• compress files and save disk space.
  • better space management = less fragmentation.
  • allows more clusters on larger drives = less wasted space.
  • add user permissions to individual files and folders (Windows Professional).
  • on-the-fly file encryption using EFS (Encrypting File System; Windows Professional).

FAT & FAT32 Compared To NTFS:

  • compatible with virtually all operating systems.
  • takes up less space on USB drive.
  • less disk writing operations = faster and less memory usage.

exFAT Compared To FAT & FAT32:

  • read/write files larger than 4 GB.
  • create drive partitions larger than 32 GB.
  • better space management = less fragmentation.

Due to its nature, FAT or better yet FAT32 are suitable for drives smaller than 32 GB and in an environment where you never need to store files larger than 2 or 4 GB, respectively. In other words, any regular sized hard drive (60 GB +) should be formatted with NTFS.

However, due to the way NTFS works it is not recommended for flash drives, even when they are bigger than 32 GB. This is where exFAT comes in. It unites the essential advantages of FAT (small, fast) and NTFS (large file size supported) in a way that is optimal for flash drives.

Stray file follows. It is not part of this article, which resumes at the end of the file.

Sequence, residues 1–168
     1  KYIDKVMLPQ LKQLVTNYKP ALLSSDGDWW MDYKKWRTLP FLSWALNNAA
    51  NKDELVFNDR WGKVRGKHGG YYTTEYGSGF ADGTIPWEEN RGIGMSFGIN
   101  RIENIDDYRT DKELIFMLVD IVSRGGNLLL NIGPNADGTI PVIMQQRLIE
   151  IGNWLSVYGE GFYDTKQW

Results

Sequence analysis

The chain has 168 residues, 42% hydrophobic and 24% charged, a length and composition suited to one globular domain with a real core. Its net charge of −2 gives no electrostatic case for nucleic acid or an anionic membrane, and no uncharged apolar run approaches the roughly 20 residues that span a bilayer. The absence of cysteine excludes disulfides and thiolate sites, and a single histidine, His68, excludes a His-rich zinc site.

Keep in mind though that FAT and FAT32 are the only file systems that are cross-platform compatible. NTFS is supported by Linux, but it requires a hack or third party application to work on the Mac. exFAT on the other hand is supported in Snow Leopard, but drivers are required for Linux.

If for compatibility or speed reasons you want to go with FAT or FAT32, always go with FAT32, unless you are dealing with a device of 2 GB or smaller.

Which Allocation Unit Size Works Best?

Hard drives are organized in clusters and the allocation unit size describes the size of a single cluster. The file system records the state of each cluster, i.e. free or occupied. Once a file or a portion of a file is written to a cluster, the cluster is occupied, regardless of whether or not there is still space.